published maps and institutional affiliations.
Received: 28 January 2017 Accepted: 24 May 2017
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Licona-Vera and Ornelas BMC Evolutionary Biology (2017) 17:126 Page 17 of 17
... The same is true for other vertebrates, such as birds (e.g. babblers, white-eyes and bee hummingbirds: Cai et al. 2017;Licona-Vera and Ornelas 2017). ...
Article
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Lorisiformes are nocturnal primates from Africa and Asia with four genera, with two ( Arctocebus and Loris ), three ( Perodicticus ) and nine ( Nycticebus ) recognised species. Their cryptic lifestyle and lack of study have resulted in an underappreciation of the variation at the species and genus level. There are marked differences between the pygmy slow loris Nycticebus pygmaeus and the other Nycticebus species and, in the past, several authors have suggested that these may warrant recognition at the generic level. We here combine morphological, behavioural, karyotypical and genetic data to show that these contrasts are, indeed, significantly large and consistent. We propose Xanthonycticebus gen. nov. as a new genus name for the pygmy slow lorises and suggest a common name of pygmy lorises. Based on analysis of complete mitochondrial DNA sequences, we calculate the divergence of pygmy from slow lorises at 9.9–10.0%. The median date, calculated for the divergence between Xanthonycticebus and Nycticebus , is 10.5 Mya (range 4.9–21.0 Mya). Xanthonycticebus differs from Nycticebus by showing sympatry with other slow loris species, by habitually giving birth to twins, by showing seasonal body mass and whole body coat colour changes (absent in other species living at similar latitudes) and a multi-male, multi-female social system. Pygmy lorises are easily recognisable by the absence of hair on their ears and more protruding premaxilla. Xanthonycticebus is threatened by habitat loss and illegal trade despite legal protection across their range and all slow lorises are listed on appendix 1 of CITES. The suggested nomenclatural changes should not affect their legal status.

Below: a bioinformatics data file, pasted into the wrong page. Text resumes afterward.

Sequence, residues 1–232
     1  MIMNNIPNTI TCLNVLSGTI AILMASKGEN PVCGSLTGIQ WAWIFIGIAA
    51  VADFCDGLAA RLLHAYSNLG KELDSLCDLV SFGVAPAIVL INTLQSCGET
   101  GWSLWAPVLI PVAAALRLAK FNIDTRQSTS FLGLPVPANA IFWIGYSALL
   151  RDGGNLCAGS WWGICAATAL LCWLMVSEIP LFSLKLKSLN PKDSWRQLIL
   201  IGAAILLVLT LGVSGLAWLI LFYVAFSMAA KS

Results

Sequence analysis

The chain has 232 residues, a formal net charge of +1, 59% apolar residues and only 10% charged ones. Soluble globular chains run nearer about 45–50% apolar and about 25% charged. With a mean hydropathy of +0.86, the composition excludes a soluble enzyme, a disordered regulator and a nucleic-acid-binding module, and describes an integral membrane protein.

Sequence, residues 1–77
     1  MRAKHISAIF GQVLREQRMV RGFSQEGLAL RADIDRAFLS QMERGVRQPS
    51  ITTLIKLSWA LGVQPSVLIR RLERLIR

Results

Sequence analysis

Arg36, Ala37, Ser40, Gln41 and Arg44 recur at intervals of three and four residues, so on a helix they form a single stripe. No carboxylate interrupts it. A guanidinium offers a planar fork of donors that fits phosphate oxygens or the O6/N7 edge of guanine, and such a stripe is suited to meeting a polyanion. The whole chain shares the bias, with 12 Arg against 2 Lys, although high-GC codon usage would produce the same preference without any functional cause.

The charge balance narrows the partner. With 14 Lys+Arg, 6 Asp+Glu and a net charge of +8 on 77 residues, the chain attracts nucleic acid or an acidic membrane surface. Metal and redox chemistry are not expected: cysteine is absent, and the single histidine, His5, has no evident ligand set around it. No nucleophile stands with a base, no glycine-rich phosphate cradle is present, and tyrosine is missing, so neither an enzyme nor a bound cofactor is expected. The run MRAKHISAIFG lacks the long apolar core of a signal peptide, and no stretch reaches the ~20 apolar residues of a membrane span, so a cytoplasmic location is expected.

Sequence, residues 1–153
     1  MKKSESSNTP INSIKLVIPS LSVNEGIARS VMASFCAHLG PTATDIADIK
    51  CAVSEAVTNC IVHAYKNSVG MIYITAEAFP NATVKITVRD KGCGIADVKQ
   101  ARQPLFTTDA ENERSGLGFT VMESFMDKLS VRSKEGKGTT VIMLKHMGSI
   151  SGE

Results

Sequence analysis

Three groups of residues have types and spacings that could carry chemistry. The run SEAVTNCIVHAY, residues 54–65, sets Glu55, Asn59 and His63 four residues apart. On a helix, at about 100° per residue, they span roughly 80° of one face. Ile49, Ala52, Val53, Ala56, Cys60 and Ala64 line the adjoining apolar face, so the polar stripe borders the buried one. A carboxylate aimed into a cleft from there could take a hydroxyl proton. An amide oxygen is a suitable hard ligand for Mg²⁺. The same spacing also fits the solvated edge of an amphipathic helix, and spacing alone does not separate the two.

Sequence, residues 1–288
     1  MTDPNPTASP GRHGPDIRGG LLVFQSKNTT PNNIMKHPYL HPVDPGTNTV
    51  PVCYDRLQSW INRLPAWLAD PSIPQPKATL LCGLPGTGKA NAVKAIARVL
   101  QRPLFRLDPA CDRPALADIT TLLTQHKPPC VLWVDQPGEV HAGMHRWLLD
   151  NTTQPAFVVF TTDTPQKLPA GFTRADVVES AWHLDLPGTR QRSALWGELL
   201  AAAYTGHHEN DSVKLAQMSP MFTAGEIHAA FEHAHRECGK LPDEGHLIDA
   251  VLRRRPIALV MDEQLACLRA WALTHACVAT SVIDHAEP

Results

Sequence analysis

... For instance, synchronization of the flowering period with the movements and foraging activity of hummingbirds is important for the maintenance of ecological networks, given that plants provide nectar resources for hummingbirds (Junker et al., 2013;L opez-Segoviano et al., 2018;McKinney et al., 2012). In comparison to rangerestricted species, widely distributed hummingbird species facing broad environmental conditions that extend their geographical range might migrate tracking new floral nectar resources and colonizing new adequate habitat under future scenarios more readily than range-restricted species (Licona-Vera & Ornelas, 2017;Ornelas et al., 2015). ...